And now, time for the last 2017 edition of…


The first thing I ever heard from Hannah Miller was a beautiful track titled O Black River.  It knocked me out and what she has been doing since has knocked me out too.  Here is a teaser from her new album.

Brock Zeman has a new one coming out next year too.  What a career he is making for himself!

More topnotch stuff from I’m With Her

Heroes of Toolik.  I like it!

Sarah Clanton.  Nice.


Frank’s column appears every Tuesday

Contact us at

dbawis-button7Frank Gutch Jr. looks like Cary Grant, writes like Hemingway and smells like Pepe Le Pew. He has been thrown out of more hotels than Keith Moon, is only slightly less pompous than Garth Brooks and at Frank bottle capone time got laid at least once a year (one year in a row). He has written for various publications, all of which have threatened to sue if mentioned in any of his columns, and takes pride in the fact that he has never been quoted. Read at your own peril.”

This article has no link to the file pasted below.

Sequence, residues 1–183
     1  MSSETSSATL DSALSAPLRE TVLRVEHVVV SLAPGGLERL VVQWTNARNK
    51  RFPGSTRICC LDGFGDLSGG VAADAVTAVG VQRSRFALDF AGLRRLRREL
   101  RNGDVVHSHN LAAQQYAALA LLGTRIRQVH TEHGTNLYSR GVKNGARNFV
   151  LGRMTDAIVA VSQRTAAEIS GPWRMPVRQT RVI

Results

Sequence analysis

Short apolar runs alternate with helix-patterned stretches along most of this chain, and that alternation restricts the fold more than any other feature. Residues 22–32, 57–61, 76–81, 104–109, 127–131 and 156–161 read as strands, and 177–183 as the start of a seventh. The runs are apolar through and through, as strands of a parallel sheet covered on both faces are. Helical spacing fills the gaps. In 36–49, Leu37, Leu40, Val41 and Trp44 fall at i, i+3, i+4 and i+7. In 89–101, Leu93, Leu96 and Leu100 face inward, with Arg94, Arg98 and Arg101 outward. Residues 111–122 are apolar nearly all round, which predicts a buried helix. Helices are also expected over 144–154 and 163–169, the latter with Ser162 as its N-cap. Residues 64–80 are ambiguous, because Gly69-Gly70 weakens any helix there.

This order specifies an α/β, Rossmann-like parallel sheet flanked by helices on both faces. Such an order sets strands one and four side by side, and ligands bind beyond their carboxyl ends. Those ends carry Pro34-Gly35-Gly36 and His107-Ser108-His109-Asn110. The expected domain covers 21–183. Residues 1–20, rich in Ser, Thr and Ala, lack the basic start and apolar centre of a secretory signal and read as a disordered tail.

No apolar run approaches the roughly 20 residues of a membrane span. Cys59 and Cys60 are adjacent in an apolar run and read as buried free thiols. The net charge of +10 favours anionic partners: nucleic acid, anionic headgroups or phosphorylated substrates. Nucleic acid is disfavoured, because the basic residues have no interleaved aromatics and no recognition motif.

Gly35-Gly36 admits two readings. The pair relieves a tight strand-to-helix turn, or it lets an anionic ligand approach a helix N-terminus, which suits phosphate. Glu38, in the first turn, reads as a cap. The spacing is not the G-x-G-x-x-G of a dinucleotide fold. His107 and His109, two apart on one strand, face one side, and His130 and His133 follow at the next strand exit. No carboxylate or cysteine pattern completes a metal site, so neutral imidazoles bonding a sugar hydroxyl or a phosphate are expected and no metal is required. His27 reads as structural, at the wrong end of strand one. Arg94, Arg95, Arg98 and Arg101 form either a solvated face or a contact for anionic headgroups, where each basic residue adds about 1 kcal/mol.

3 Responses to “Frank Gutch Jr: Christmas and the Doppler Effect Plus Notes and Coffee (er, Cherry Slice)”

  1. Patti Nichols Says:

    Merry Christmas Frank. Hope it is wonderful and that we get to see you again. I. The new year. Patti

  2. Peter Montreuil Says:

    Another great column! Well written and thought provoking. Thanks, Frank.